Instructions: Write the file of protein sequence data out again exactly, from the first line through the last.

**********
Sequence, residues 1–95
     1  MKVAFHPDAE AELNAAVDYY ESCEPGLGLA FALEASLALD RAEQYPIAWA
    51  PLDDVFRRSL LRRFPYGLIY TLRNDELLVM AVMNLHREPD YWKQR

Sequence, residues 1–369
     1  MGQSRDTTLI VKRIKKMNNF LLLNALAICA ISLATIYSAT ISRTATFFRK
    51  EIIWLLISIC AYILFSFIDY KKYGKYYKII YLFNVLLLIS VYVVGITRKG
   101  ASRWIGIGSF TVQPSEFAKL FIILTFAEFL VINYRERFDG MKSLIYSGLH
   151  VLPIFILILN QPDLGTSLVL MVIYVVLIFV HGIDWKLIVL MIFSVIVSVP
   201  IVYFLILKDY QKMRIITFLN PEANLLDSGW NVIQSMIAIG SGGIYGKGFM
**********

Sequence, residues 1–95
     1  MKVAFHPDAE AELNAAVDYY ESCEPGLGLA FALEASLALD RAEQYPIAWA
    51  PLDDVFRRSL LRRFPYGLIY TLRNDELLVM AVMNLHREPD YWKQR

Sequence, residues 1–369
     1  MGQSRDTTLI VKRIKKMNNF LLLNALAICA ISLATIYSAT ISRTATFFRK
    51  EIIWLLISIC AYILFSFIDY KKYGKYYKII YLFNVLLLIS VYVVGITRKG
   101  ASRWIGIGSF TVQPSEFAKL FIILTFAEFL VINYRERFDG MKSLIYSGLH
   151  VLPIFILILN QPDLGTSLVL MVIYVVLIFV HGIDWKLIVL MIFSVIVSVP
   201  IVYFLILKDY QKMRIITFLN PEANLLDSGW NVIQSMIAIG SGGIYGKGFM